The thought scares me, because who actually wants to live a life marked by selflessness? Here, I’ll go first: I DON’T. I generally prefer a quid pro quo sort of God, one who will reward my faithfulness with recognition and bounty; it’s only fair. And as we’ve already established, I’m amazing at “the rules” — so this kind of arrangement would work out pretty well for me.

But Jesus takes “the rules” and throws them out the window, because he values relationship over transaction. As such, the Christian life is full of paradoxes:

What if death isn’t what we assume? What if death is the pathway to life — and not just the “die and go to heaven” sort of eternal life, but kingdom come life here and now? What if dying up front sets us free to really live? What if being stripped of all falsehood leaves our truest selves exposed? What if the end is the beginning?

If you’re lucky enough to be in a season of life that feels abundant and beautiful, that is a gift and you absolutely should soak it up. But if you, like me, are a Christian who is looking around at all that is passing away and sometimes thinking, “Wait, I didn’t sign up for this,” be encouraged — because maybe we actually did.

Consolation and New Year’s resolutions

Thursday, January 5th, 2017

Over the past month or so, I’ve woken up several times in the middle of the night with a sudden panic that I’ve left Foxy outside in the cold. I sit up straight and call her name, scared to death that she is [morbid alert] frozen to death out in the yard. And each time, I’m relieved to find that she’s right there by the bed. Of course she is.

My lifelong propensity towards anxiety paired with a winter that’s already more extreme than the entirety of the 2015-2016 season is doing dismal things to my brain. It’s not so much the temperature as it is the wind chill, and it isn’t so much the wind chill as it is the darkness.

Winter in Minnesota, man. Only the strong survive.

But regardless of how I feel about the weather, I find myself living in Minneapolis for my second January. Take four degrees and subtract them from zero, and that’s the temperature at this very minute – and it doesn’t even seem all that unreasonable, given the stiff and hypothermic potential. My survival strategy is to just keep living – and in January, I’ve decided that life will be made up of only two things: working, and running on the treadmill.

It happens to all of us at the start of every new year, doesn’t it? Making resolutions, resolving to re-solve what we’ve deemed wrong about our lives. As usual, I’ve decided that the root of all that’s wrong with my life is not, in fact, my fallen nature, but the circumference of my thighs. My re-solution? To run.

To run a freaking marathon.

Ha. That was actually my New Year’s resolution – to run 26.2 miles, twice as far as I’ve ever run, twice as far as I’ve ever wanted to run. Annieeeeeee. Why must your goals always be so extreme??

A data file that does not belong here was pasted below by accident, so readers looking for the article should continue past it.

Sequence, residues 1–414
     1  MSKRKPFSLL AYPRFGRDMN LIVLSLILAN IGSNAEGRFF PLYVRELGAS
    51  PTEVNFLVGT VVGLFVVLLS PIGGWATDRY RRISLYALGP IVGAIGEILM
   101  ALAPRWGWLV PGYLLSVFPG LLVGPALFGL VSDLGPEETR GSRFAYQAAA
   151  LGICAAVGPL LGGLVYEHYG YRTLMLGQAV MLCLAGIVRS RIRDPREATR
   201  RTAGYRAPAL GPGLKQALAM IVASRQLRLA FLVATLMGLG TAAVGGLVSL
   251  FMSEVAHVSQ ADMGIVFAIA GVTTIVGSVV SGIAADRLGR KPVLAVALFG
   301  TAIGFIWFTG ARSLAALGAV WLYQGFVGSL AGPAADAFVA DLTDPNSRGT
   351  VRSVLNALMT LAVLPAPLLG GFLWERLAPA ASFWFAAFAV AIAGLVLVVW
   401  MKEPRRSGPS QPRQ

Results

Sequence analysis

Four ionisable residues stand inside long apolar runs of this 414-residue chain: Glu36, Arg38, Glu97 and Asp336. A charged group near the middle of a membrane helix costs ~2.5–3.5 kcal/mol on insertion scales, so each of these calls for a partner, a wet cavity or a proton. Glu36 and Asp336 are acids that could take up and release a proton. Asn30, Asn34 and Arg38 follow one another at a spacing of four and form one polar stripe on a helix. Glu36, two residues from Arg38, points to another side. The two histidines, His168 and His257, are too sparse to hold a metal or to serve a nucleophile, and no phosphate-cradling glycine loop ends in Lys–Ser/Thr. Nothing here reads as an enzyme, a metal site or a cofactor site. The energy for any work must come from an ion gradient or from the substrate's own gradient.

But since then, some thoughts.

First, last week I listened as a wonderful dinner companion shared about the Ignatian method of discernment called Examen, a prayer-fueled mindfulness that involves the idea of consolation and desolation. Each night, one is to review the events of the day and pinpoint the moments that were consoling (life-giving, inspiring, connecting) and the ones that were desolating (draining, despairing, isolating); in other words, consolation is movement toward God, and desolation is movement away.

As patterns begin to emerge, the idea is to orient one’s life toward consolation as a way forward. It’s not about making the “right” concrete decisions or checking items off a list, it’s about moving toward the things that stir us up and send us out, strong, tender, and present.

A few days later, I listened to an episode of Steve Wiens’s podcast in which he makes the case for “change that actually changes you.” So much of what he said parallels the idea of Examen. You should listen to the full episode, but for now, I’ll share the simple daily prayer offered by Steve at the end: “God, I want to experience life in all of its fullness today. Please lead me there.”

Do you feel how different this way of life is from our crazy New Year’s resolutions, those hard-hitting, full throttle plans that we think are going to turn our sorry ass luck around?

At the Christmas dinner table, I told my sister-in-law Ashley that I am thinking about training for a marathon, but that I’m nervous that if I commit to it and say it out loud that I won’t actually be able to do it and then I’ll be a total garbage person failure. She said, “I guess that you’d need to know that the process of reaching the goal would be just as worthwhile as achieving the goal itself.”

This morning at the gym, I ran for 45 minutes while staring at a poster in front of the treadmill that said, “What would you do if you knew you couldn’t fail?” That’s a preposterous notion, really, since we can and do fail all the time. So I changed it in my mind to, “What would you do if you knew you might fail, but you’d kind of like to give it a shot anyway?”

Here’s the truth about today: I’m glad I ran for those 45 minutes. I feel awesome. That run felt like consolation. I want more of that feeling.